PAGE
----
Press Release 635



Save Public Money:

Make Private Schools Public


Economic arguments of the private and corporate education interests are being turned on their head.The time has come to take over private taxpayer dependent schools and make them public schools. The public pay for them. They should be able to own and use them.

State Aid to private systems of education, whether they be religious hierarchies, corporate raiders, or individual profiteers, always is, always has been and always will be:

  • Uneconomic : costs too much
  • Inefficient : leads to ridiculous duplication of resources
  • Socially and politically divisive: leads to disadvantage and plutocracy
  • Corrupt: there is lack of accountability for expenditure of  public money

Our own, Australian history, should have taught us this lesson. But this generation – and our children- are unfortunately being forced by governments in the thrall of powerful lobbyists, - to learn the lesson again.

Leaving aside billions provided annually to private education in the form of taxation expenditures ( taxation  exemptions) – the direct public funding of many Catholic schools is now running at more than 90%. This system, at least, should be taken over.  

Chris Bonnor and Bernie Shepherd, in their monograph Private School, Public Cost have crunched some revealing figures from the Myschool website and other sources. They are discovering that, because the ‘dependent’ schools are costing the taxpayer ever greater amounts,  it is becoming more and more a realistic economic proposition to actually take over private schools and make them into a public system. They write :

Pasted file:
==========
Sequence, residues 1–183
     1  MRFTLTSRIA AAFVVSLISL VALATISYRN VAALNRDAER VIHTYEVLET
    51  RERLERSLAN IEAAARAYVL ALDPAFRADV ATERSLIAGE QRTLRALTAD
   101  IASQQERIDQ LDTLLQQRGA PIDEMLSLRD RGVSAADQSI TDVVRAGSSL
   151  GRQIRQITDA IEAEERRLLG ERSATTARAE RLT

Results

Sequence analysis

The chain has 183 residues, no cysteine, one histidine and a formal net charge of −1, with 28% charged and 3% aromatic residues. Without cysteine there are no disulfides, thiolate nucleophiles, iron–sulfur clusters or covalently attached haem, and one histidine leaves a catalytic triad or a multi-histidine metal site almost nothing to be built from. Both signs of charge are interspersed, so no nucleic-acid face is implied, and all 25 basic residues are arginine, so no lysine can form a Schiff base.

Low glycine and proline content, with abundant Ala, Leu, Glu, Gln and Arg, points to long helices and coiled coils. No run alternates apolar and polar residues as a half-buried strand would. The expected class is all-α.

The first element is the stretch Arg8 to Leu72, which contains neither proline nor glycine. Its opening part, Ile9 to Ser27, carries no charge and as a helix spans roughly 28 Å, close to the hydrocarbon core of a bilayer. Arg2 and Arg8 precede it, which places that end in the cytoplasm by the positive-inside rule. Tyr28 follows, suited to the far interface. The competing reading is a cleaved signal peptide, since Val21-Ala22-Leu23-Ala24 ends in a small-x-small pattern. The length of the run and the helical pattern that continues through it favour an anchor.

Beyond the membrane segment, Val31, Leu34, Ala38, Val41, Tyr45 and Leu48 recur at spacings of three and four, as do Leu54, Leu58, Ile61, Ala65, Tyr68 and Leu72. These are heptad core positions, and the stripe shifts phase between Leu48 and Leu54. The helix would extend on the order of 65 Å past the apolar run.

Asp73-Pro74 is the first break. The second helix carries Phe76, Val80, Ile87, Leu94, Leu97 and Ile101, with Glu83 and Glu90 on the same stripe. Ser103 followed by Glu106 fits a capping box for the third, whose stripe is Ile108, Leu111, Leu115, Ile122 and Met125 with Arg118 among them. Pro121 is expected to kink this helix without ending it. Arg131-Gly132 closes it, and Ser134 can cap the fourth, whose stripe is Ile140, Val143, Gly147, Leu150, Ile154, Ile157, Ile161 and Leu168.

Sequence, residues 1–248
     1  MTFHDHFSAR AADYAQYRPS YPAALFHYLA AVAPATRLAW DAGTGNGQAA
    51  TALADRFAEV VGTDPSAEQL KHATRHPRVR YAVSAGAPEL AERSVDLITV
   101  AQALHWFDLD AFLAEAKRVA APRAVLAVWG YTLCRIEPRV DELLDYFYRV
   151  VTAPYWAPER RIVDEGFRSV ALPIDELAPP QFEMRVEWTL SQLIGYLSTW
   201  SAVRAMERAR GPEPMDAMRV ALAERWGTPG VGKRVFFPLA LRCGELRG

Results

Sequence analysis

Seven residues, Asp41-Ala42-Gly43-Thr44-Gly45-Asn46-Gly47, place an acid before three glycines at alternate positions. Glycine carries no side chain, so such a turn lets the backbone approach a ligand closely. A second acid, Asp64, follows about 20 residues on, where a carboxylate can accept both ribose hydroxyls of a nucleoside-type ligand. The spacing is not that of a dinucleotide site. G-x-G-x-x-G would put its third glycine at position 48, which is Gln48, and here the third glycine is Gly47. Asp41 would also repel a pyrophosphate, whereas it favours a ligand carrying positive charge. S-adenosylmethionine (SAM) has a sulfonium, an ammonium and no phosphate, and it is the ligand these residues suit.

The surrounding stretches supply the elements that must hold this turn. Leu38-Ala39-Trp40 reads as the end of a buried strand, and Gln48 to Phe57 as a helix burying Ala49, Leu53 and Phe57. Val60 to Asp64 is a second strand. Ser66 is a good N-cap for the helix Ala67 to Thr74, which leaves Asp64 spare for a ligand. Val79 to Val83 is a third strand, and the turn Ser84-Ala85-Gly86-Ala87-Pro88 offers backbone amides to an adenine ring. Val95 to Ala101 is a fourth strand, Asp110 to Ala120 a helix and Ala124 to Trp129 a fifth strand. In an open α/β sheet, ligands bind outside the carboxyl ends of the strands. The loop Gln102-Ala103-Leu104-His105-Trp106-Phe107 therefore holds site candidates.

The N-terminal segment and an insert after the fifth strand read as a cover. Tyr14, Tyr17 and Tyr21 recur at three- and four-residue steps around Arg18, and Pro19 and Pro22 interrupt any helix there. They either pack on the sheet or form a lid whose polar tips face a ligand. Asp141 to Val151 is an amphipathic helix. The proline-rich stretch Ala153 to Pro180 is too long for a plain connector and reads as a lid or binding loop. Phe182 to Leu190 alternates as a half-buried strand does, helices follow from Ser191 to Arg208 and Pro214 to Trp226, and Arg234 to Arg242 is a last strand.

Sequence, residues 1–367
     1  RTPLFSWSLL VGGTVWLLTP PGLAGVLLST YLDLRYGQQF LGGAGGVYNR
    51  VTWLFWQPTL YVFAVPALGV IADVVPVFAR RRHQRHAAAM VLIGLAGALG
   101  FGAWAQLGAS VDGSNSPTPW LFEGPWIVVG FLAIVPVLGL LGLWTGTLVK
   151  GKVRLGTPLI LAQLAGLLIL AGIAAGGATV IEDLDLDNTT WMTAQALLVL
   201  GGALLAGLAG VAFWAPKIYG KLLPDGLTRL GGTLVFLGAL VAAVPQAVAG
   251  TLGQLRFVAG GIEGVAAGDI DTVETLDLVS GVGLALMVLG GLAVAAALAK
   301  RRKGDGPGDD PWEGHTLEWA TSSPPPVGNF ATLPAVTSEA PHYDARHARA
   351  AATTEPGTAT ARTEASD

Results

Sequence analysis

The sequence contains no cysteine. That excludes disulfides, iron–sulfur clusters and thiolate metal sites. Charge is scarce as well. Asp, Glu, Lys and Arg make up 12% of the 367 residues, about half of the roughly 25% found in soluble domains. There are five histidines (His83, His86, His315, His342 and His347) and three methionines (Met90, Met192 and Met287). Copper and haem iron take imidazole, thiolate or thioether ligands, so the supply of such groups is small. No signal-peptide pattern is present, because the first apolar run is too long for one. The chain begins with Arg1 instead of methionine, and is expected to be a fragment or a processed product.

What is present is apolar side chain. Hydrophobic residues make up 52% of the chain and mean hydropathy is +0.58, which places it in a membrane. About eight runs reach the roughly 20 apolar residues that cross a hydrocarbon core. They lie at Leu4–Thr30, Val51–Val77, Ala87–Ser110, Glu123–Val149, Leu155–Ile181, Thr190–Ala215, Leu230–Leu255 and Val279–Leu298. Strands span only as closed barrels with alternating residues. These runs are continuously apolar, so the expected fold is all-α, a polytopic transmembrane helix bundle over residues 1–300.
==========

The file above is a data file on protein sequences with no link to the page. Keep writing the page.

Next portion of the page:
"What about the savings?

With government already providing non-government schools with between 83% and 94% of the recurrent funds theygive to their own schools, it is apparent that the 'savings' (or alternatively the 'costs' of taking these students into the public system) are not going to represent the huge "fiscal suicide" or "financial tsunami" that the commentators quoted above are predicting.A realistic way to calculate claimed savings is not to use gross averages, but to examine the cost differences incrementally across the advantage range, comparing the costs involved with students at similar levels of advantage. To do otherwise is to assume that the average (relatively advantaged) private school student would and should attract the same recurrent funding as the average (relatively disadvantaged) public school student. That is a fundamentally flawed approach, yet it is the basis for many of the wilder claims in this area of the school funding debate.

Such an incremental calculation would look like the one given in Appendix 3. Using 2013 data and dividing the nation's schools into ten ICSEA groupings, we calculate the total difference between the government recurrent grants to private schools and the recurrent funding of ICSEA-equivalent government schools. For the record, the difference is around $2.2 billion, just 5.7% of the $38.9 billion total of government spending reported on My School for 2013.

If the small size of that figure is a surprise to some, then a further surprise might be found in the fact that the difference has actually been getting smaller year by year."

For further information from this monograph see:

Chris Bonnor and Bernie Shepherd will be updating this monograph in March 2016.






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